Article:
The holidays are a special time of year, but they can also be hectic. With so much on your holiday to-do list, you can easily get distracted and caught up in the craziness, which can spell trouble for a curious pet. Holiday hazards abound this time of year, and nobody wants to spend the holidays at the emergency veterinarian. Check out our Village Veterinary Hospital team’s list of common holiday pet hazards to ensure your pet stays safe and comfortable.
Holiday Pet Hazard #1: Pancreatitis
Pets who eat large amounts of rich, fatty foods are at increased risk for pancreatitis, a painful condition that can be life-threatening. A pet can develop pancreatitis year-round, but since the illness often results from a high-fat meal, cases rise significantly over the holidays, because well-meaning owners share table scraps and leftovers with their pets. High-fat, difficult to digest food scraps like turkey skin or fat trimmings are common culprits and can cause severe vomiting, abdominal pain, dehydration, and—in some cases—hospitalization. Protect your pet from pancreatitis with these tips:
- Keep pets in another room while you’re cooking and serving a meal.
- Avoid sharing your holiday meal with your pet.
- Ask guests to refrain from feeding your pets.
- Clean up leftovers immediately, and dispose of scraps in a secure trash can.
Holiday Pet Hazard #2: Toxin ingestion
Many holiday foods, plants, and decorations contain toxic ingredients that can seriously harm your pet if ingested. Keep the following items out of pets’ reach:
- Toxic plants — Many plants used in holiday arrangements, such as mistletoe, holly, and lilies, are toxic to pets. Plants may also be treated with fertilizers or pesticides that can be toxic. Other plant varieties that can cause toxicity include:
- Christmas cactus
- Chocolate — Chocolate contains toxins that can cause gastrointestinal, cardiac, and neurological problems. Dark chocolate and baking chocolate contain the highest toxin concentrations, although milk chocolate can also cause toxicity if large amounts are eaten.
- Medications — Human prescription and over-the-counter medications are the most common cause of pet toxicities and can be deadly for pets. Keep all medications stored securely in a medicine cabinet, and ask guests to keep their bags and jackets out of pets’ reach in case they contain something toxic that your pet could find.
- Toxic foods — Many human food items, such as grapes, raisins, macadamia nuts, raw yeast dough, and xylitol, which is found in sugar-free candy and gum, are toxic to pets.
- Tree water — The water in your tree stand—which your pet can easily confuse with a water bowl—may contain chemicals and bacteria that can make them sick. Cover your tree stand to keep your pet from drinking.
Holiday Pet Hazard #3: Foreign Body Ingestion
Holiday decorations pique the interest of many pets, and a pet whose curiosity leads them to a non-food item that they ingest can suffer serious consequences. Foreign body ingestion may cause gastrointestinal distress, which can lead to a life-threatening stomach or intestinal obstruction. Take precautions with the following holiday decorations to reduce your pet’s risk:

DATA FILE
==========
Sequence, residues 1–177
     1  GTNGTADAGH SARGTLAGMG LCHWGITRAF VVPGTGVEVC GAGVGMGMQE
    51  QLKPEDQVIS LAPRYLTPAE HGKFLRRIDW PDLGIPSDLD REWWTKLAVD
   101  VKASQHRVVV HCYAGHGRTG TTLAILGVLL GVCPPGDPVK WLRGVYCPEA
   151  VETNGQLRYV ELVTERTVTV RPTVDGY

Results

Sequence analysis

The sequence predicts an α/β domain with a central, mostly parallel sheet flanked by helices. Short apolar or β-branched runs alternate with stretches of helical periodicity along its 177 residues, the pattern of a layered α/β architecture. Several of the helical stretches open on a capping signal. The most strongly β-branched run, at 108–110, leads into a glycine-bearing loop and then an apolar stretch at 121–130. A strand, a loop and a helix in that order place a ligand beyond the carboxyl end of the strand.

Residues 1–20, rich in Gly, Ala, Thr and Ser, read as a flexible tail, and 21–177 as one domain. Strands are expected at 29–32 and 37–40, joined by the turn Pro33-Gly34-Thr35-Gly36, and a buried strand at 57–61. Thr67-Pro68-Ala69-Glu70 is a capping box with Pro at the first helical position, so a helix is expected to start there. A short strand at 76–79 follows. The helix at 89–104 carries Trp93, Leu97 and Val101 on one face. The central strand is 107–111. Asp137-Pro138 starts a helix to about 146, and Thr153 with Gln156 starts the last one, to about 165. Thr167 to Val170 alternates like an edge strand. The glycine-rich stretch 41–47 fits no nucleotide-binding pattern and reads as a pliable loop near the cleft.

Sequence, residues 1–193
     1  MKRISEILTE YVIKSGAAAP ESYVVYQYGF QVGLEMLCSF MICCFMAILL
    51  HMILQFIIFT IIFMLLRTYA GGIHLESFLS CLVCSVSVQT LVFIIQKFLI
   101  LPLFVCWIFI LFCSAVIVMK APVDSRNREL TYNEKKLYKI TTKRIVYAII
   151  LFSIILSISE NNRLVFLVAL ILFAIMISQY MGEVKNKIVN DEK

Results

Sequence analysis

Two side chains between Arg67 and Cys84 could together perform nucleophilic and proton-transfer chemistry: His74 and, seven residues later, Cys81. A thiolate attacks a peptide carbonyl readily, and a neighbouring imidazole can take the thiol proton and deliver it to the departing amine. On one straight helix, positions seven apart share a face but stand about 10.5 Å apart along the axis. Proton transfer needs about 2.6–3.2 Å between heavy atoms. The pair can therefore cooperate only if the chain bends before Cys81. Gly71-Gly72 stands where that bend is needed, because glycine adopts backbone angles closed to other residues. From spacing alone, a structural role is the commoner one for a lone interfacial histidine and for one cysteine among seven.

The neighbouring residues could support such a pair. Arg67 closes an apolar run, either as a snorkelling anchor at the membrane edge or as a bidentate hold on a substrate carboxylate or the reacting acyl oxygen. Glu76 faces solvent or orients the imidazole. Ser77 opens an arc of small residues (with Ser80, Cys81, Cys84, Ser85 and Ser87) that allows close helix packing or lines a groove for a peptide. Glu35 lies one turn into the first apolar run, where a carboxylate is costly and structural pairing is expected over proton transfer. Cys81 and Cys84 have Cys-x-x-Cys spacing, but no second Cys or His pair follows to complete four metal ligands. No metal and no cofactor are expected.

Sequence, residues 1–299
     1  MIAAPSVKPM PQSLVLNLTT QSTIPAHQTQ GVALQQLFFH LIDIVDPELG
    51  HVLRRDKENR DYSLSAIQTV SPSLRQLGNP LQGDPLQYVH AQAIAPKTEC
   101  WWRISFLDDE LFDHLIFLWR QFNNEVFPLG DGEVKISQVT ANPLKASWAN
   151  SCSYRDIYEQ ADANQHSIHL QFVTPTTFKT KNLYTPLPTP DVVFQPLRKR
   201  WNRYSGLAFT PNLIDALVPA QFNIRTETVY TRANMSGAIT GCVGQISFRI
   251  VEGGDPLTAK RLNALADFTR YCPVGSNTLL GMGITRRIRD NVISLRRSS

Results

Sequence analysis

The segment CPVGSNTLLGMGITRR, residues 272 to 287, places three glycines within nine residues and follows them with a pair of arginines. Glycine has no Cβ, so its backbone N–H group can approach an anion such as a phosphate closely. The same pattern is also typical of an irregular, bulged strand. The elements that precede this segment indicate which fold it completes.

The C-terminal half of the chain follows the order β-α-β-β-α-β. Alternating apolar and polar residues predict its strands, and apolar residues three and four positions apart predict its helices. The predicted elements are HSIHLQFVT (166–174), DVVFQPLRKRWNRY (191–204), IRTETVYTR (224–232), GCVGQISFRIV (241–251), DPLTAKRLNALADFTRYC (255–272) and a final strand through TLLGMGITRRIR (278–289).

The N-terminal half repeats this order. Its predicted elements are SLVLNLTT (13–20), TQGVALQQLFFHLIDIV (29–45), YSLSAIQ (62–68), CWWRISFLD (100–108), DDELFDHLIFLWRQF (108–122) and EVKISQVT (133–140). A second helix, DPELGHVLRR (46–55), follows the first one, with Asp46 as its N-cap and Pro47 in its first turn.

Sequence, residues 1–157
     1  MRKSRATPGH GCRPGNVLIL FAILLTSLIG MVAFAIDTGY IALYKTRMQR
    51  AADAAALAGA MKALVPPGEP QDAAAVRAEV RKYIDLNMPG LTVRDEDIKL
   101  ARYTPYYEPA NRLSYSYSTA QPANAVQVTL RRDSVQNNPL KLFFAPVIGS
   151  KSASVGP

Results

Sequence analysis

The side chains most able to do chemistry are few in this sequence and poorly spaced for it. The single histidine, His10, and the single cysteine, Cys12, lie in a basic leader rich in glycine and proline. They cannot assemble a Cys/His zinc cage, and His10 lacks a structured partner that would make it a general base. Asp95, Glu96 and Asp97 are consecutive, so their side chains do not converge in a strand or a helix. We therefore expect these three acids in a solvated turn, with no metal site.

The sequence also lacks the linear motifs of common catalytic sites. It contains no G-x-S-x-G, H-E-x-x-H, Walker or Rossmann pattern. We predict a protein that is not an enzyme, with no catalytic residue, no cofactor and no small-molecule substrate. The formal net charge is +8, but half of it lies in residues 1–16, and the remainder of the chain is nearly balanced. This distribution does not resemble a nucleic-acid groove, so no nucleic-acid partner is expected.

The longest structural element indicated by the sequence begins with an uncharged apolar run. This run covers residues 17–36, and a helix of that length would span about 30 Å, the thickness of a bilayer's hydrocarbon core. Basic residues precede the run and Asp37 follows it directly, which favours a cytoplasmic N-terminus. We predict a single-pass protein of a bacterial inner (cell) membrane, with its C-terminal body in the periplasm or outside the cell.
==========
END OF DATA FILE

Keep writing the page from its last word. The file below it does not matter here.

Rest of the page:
- Ornaments — Don’t place ornaments—especially glass ornaments—on low branches where your pet can bat them off and potentially ingest them, and avoid hanging edible ornaments that may tempt your pet.
- Tinsel — Many cats find tinsel’s silvery strands irresistible, but the tinsel pieces can become caught in their intestines, causing severe pain, and usually requiring emergency surgery. Avoid decorating your tree with tinsel to keep your pet safe.
- Electric cords — Pets who mistake an electrical cord for a chew toy and puncture the cord with their teeth can be electrocuted or badly burned. Keep electrical cords tucked safely out of your pet’s reach.
- Wrapping paper and packaging — While your family is busy opening presents, your pet may be looking for entertainment, and decide to play with the crinkly wrapping paper and packaging strewn about under the tree. To keep your pet from ingesting these items, clean up wrapping paper and packaging immediately after opening a gift.
Holiday Pet Hazard #4: Lost pets
Hosting a holiday party at your home means your front door opens and shuts often as you greet and send off your guests. An unsupervised, nervous pet may bolt through your open door as guests file in with food and gifts. Keep your pet in another room when the door is open, especially as guests are coming or going. In addition, ensure they have adequate identification, in case they slip past you and get lost. A collar and identification tag can help your pet return home, but a collar can slip off, making permanent identification with a microchip invaluable. If your pet has a microchip, check that your information is up to date in the national database. If they do not, schedule an appointment with your veterinarian to microchip them.
We hope you and your pet enjoy a safe and healthy holiday season. But, in case of a pet emergency, contact our team at Village Veterinary Hospital or Animal Poison Control to get expert advice on the care they need.